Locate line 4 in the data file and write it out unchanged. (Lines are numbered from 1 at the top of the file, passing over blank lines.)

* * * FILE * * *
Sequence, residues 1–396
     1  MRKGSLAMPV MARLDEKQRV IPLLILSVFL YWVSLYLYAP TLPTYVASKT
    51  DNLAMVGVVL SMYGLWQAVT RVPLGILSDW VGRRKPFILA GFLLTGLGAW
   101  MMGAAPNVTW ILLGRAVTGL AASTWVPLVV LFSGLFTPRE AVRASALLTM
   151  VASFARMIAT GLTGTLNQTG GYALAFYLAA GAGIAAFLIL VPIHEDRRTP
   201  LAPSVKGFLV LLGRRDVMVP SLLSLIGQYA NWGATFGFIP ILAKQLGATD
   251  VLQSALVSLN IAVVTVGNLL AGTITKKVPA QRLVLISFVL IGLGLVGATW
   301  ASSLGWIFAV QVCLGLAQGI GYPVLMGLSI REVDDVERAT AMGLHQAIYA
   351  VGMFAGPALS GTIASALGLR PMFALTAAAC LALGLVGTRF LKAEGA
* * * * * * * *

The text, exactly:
   101  MMGAAPNVTW ILLGRAVTGL AASTWVPLVV LFSGLFTPRE AVRASALLTM